Saturday, 21 April 2012

The Failure of the ALP

Regardless of Andrew Wilkie's analysis of the wording designed to save the Government's useless legislation what resounds from the events of Friday, 20 April 2012 is the failure by the ALP of simple management.

Poker machine reform is supported by the electorate. Andrew Wilkie was willing to support the Prime Minister's choice to take her government down the path of mandatory pre-commitment. Mandatory Pre-Commitment was the Gillard Deal.


Mr Wilkie's support was given to the Gillard Deal despite Mr Wilkie's preferred evidence-based option of the $1 bet coupled with a ceiling on losses of no more than $120 per hour. This was the Productivity Commission's recommendation that could be implemented without a trial.

What happened was that the hard work of poker machine reform was assumed to be done by someone else. Mr Wilkie assumed the Prime Minister would do this within caucus and with the independents. Maybe Ms Gillard thought Mr Wilkie was going to do the hard yards with other independents. Neither did either. For whatever reason.

But Andrew Wilkie is not the government. The ALP are and the ALP demonstrate garbage government and garbage management. The Gillard government has failed to discharge its responsibility to those damaged by these dangerous machines.
Our Prime Minister seems more obsessed with the retention of her own position within her party.


 

The result of Mr Wilkie's consideration of new wording to the proposed legislation will either nothing or a shit bill that accomplishes nothing and likely to be thrown out in the Senate anyway.

The harm of poker machines continues.

Tuesday, 17 April 2012

Reducing Gambling Harm Through Education

By watching this classic Warner Bros cartoon, Early To Bet, the answer to how to reduce the harm of gambling through education is revealed.


I found out about this cartoon from Rev Tim Costello who referred me to an excellent article by Dr Simon Longstaff, Executive Director of the St James Ethics Centre. Click on this link to read Dr Longstaff's article.

Due to a report in The Age by Richard Willingham with the title "School gambling education call" (Click here to read the report)  and the story of the Geelong youth forum on responsible gambling being conducted inside a pokie club, the issue of gambling education has gotten some recent attention. Click on the image below to read the report and editorial in the Geelong Advertiser.

So, how is the question answered by this cartoon?

As usual, one must look to the Productivity Commission's report on gambling; in particular Chapter 9 - titled "School-based gambling education." The critical statement that guides any information or "education" directed to children is found on page 9.9;
"... the key evaluation issue is whether educational programs reduce current and future gambling related harm, not whether they merely inform."
Programs that reduce current and future gambling related harm are the goal. While making clear how sparse the research is, the Commission noted a key finding of the existing studies:
"The factor that most strongly predicts decreased gambling behaviour is when students develop a negative attitude towards gambling after attending the program."
The meaning of this key finding is clear. "Education strategies focused on young people and responsible gambling messages" is absolute shite. There is a vast difference between "responsible" messages and "negative" messages. While research is limited they find;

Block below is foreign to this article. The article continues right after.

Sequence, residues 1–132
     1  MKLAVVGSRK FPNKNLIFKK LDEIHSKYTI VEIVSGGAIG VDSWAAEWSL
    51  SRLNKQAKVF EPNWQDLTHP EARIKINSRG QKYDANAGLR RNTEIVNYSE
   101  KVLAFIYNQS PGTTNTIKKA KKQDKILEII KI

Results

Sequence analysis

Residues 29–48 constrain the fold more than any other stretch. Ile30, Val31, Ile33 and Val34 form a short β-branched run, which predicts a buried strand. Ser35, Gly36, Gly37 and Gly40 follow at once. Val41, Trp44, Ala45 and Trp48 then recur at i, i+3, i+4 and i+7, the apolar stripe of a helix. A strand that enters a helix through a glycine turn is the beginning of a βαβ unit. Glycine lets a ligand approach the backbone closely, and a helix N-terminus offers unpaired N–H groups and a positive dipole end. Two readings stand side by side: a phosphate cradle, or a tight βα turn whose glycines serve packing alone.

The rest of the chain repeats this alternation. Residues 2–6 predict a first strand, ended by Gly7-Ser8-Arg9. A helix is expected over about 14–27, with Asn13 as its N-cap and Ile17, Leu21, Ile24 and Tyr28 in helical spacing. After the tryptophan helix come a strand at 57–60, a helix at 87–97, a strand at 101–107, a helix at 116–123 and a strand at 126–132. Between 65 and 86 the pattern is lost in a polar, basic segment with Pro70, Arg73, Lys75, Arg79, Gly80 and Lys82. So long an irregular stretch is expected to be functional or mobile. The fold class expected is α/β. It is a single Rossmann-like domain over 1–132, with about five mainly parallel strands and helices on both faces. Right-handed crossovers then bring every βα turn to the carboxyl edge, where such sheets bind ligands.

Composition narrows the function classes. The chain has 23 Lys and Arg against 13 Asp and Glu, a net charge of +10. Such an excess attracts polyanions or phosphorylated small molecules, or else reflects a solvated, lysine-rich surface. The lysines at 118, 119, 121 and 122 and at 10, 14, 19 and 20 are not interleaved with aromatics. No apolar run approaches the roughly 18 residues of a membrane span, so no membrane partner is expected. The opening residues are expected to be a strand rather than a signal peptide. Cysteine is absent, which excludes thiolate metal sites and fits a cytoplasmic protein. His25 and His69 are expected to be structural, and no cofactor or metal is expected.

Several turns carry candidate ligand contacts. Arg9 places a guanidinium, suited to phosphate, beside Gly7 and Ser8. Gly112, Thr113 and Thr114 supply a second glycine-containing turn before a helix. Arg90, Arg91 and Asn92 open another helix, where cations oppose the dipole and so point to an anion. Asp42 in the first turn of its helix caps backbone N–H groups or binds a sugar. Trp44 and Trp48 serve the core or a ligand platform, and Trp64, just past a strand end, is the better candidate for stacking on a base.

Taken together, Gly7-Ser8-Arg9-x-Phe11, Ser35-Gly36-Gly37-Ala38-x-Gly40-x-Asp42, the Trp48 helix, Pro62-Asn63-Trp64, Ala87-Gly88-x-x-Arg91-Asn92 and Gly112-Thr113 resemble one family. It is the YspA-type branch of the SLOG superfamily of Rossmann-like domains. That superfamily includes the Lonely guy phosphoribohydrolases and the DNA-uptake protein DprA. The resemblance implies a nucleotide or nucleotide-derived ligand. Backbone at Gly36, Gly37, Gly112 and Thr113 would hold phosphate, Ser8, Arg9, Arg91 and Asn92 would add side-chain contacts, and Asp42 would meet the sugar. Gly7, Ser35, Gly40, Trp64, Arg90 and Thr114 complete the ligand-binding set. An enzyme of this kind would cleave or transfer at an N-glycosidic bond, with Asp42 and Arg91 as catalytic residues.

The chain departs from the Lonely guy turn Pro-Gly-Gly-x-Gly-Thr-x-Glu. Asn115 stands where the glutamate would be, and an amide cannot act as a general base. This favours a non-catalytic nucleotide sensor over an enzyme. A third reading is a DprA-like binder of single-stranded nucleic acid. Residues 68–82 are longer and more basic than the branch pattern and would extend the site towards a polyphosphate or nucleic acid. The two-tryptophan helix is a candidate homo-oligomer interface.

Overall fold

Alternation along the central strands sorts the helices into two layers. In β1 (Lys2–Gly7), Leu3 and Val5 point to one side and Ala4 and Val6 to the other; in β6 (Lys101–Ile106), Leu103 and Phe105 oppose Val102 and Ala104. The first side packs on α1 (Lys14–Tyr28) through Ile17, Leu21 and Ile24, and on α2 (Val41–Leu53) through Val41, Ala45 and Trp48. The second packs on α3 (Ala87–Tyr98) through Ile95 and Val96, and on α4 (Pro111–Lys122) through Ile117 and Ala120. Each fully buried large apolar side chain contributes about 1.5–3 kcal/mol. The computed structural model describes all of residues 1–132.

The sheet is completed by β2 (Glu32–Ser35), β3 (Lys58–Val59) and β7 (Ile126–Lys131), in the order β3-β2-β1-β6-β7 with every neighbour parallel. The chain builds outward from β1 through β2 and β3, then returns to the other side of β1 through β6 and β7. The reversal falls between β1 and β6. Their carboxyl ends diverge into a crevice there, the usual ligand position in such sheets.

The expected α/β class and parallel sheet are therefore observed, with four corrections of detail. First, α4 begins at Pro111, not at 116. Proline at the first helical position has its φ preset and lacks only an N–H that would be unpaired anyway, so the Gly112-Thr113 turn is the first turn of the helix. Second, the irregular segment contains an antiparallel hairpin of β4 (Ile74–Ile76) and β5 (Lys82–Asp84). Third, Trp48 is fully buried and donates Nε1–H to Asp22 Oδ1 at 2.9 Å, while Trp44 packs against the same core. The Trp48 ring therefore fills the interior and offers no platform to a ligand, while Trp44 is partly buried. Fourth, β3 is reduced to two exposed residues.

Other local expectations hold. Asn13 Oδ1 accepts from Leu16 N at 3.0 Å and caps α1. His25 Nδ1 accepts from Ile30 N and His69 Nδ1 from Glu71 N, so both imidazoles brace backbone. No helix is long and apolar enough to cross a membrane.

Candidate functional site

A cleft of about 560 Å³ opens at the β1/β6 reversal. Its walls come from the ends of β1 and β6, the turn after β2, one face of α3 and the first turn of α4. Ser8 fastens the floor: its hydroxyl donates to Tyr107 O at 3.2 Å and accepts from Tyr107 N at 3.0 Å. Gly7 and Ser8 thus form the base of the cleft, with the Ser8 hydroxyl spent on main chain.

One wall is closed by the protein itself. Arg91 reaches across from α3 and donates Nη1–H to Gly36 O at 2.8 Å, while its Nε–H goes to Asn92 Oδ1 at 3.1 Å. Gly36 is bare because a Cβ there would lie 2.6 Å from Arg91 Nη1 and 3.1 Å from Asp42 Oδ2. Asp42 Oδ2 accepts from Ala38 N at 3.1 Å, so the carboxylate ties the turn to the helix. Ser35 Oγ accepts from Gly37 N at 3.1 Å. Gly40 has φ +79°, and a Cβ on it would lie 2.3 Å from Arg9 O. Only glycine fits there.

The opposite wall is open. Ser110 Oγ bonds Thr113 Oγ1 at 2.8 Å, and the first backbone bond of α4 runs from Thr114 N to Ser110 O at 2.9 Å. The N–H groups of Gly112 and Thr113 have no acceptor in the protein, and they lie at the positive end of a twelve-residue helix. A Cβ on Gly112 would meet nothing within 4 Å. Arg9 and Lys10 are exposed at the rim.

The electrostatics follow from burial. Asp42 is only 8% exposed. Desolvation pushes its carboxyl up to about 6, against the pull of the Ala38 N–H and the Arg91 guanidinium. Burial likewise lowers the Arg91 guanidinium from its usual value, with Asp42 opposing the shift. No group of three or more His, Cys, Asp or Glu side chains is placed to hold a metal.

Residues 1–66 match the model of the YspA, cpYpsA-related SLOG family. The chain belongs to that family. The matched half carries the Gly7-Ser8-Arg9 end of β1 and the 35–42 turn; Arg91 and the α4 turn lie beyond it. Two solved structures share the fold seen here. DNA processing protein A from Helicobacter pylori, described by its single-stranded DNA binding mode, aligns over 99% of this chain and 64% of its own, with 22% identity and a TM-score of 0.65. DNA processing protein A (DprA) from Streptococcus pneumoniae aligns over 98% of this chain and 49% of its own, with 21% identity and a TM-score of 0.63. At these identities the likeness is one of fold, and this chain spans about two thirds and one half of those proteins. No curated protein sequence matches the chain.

"improved understanding of gambling but little evidence of positive behavioural change"
It is negative messages that are needed..... just like the Early To Bet cartoon.

There is a 1988 finding cited by the Commission (Page 9.14) reinforces the need for negative messages:
"... partly attributed the relatively greater success of school-based tobacco programs (compared with alcohol) to the fact that these were accompanied by ‘consistent anti–smoking messages in the general media and to the emergence of a strong anti–smoking social movement’"
It is negative messages that are needed..... just like the Early To Bet cartoon.

The sense I took from the Commission report was that caution is essential because of findings that increased knowledge might result in increased harmful behaviour;
"... findings suggest that increased knowledge of gambling in children and adolescents may have the unintended consequence of intensifying harmful behaviour, a risk that should be considered in the design (or even in considering the introduction) of school-based programs." (@9.14)
The Commission went further at 9.17
"... the Commission considers that there is scope for adverse outcomes to occur from school-based life skills programs including gambling."
Finally, consider the Commission's finding and recommendation:
"Little evidence has been collected about the effects of school-based gambling education programs on students’ gambling behaviour. However, evaluations of similar programs in alcohol and vehicle safety have found that, while they can raise awareness, they tend to have no, or even adverse, behavioural impacts."

"Given the risk of adverse outcomes, governments should not extend or renew school-based gambling education programs without first assessing the impacts of existing programs."
The point is that not only are the suggestions of Clubs Australia wrong but so is the substance of the Geelong program of the Victorian government being held under the banner of Responsible Gambling Awareness Week. It is called "A Safer Bet? - Look after your mates" rather than "Don't Bet". It appears to be an option whether an accompanying teacher is even required. The Geelong youth forum is doubly wrong by being held at a poker machine club. Both the message and the environment in which the message is being delivered are flawed.


Governments should follow the studies cited by the Productivity Commission. No one campaigns to "Smoke Responsibly". Equally no one should campaign to "Gamble Responsibly". The proper course is to implement campaigns for people to quit gambling emotionally pointing out the harm caused by these dangerous machines.

It is negative messages that are needed..... just like the Early To Bet cartoon.

Sunday, 8 April 2012

Did Woolworths Chairman Mislead Shareholders?

On Saturday, 7 April 2012, Richard Willingham wrote in both the Sydney Morning Herald and The Age about complaints laid against James Strong, Woolworths Limited Chairman of Directors that he mislead shareholders at the 2011 Annual General Meeting. Click here to read the Sydney Morning Herald report.

This is a serious allegation.